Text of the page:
Composite materials are all around us, used in everything from aeroplanes to clothing to construction. While it is well known that adding carbon nanotubes to polymers can make strong and useful composite materials, it is not well understood why this is the case and how to improve the mechanical properties of the composite in a planned way. Decades ago, scientists came up with theoretical ways to describe the behaviour but until now it hasn’t been possible to confirm if the theory was correct.
A collaboration between the groups of Jonathan Coleman at University of Dublin, Ireland, and teams at Universities of Manchester and Cambridge, UK, has been able to do this for the first time. They studied polyvinyl alcohol into which they introduced a variety of differing amounts of single-walled carbon nanotubes. Such a range of nanotube loading has not been studied previously. The team then spun the resulting composites into fibers using a technique called coagulation spinning, which is known to produce fibers with excellent mechanical properties. They were particularly interested in tensile strength (the amount of pulling stress that the material can withstand before it breaks) and toughness.
For the first time ever, the team were able to demonstrate the dependence of multiple mechanical properties of coagulation-spun polymer–nanotube composite fibers on the carbon nanotubes present in the mixture. The composite properties are limited by the nanotube length, the strength of the nanotube–polymer interface, and by the degree of nanotube alignment. Although the nanotubes align within the spun fibers, the team showed that this does not cause crystallization of the polymer in a localized area, and therefore that crystallization does not contribution to the mechanical properties of the system, as had previously been postulated. Their work validates the so-called Cox-Krenchel equations put forward in the 1960s.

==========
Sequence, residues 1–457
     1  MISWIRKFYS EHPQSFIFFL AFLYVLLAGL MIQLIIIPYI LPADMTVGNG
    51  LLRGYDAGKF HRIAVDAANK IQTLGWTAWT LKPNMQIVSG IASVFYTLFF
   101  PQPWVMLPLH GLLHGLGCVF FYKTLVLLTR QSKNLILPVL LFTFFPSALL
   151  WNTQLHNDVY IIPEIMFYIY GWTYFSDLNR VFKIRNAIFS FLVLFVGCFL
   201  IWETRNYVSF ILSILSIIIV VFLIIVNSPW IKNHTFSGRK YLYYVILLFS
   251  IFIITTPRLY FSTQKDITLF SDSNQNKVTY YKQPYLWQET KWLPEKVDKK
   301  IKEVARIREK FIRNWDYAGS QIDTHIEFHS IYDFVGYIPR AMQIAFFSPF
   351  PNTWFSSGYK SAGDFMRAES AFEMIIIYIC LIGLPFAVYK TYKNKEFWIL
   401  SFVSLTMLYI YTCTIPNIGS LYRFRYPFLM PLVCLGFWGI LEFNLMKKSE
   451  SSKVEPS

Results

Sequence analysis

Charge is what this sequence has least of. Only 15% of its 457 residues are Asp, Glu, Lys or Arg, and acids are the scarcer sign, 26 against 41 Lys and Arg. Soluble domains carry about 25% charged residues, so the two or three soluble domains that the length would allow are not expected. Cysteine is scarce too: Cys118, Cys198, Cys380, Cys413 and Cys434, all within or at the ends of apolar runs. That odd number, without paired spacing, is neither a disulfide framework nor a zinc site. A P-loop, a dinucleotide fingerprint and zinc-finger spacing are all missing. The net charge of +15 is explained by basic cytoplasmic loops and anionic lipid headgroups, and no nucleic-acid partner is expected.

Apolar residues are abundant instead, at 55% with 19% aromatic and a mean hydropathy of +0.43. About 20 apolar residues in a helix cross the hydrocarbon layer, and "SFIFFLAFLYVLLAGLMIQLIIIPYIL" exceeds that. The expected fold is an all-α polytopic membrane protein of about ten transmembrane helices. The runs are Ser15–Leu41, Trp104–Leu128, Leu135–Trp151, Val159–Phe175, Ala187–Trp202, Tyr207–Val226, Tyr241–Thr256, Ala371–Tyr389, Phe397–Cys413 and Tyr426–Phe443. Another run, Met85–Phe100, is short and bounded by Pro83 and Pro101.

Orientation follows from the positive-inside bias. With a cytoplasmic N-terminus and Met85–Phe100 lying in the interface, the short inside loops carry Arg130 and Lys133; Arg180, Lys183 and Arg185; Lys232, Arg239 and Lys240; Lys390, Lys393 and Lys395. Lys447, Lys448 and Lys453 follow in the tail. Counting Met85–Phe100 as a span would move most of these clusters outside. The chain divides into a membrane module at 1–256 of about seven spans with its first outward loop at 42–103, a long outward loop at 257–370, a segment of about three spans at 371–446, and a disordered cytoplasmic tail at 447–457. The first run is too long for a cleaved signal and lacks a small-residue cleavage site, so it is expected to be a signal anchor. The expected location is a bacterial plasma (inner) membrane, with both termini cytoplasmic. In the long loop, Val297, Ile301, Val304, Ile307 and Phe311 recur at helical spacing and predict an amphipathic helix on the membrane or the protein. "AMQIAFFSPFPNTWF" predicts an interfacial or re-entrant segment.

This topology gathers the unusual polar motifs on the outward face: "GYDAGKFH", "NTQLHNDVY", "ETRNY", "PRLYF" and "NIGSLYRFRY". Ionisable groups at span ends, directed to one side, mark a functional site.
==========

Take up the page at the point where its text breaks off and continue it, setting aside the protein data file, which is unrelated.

Karen Winey, an expert in polymer nanocomposites at University of Pennsylvania, is excited by the work. She enthuses “I am grateful that somebody has acknowledged the different attributes that contribute to nanocomposite properties.” The team have shown that it is not only the proportion but also the orientation of the nanotubes that is important. Winey’s group produced evidence of similar effects in electrical properties of composites some years ago, but until now this had not been demonstrated for mechanical properties.
Armed with the knowledge provided by this in-depth study, it should be possible to preprogram the desired properties of a polymer–nanotube composite. Winey states that “Good fundamental understanding helps to identify how you can make additional improvements in mechanical properties.” This understanding should save time and expense for researchers and commercial producers of nanomaterials alike, and contribute to future production of stiff, strong nanocomposites for many purposes.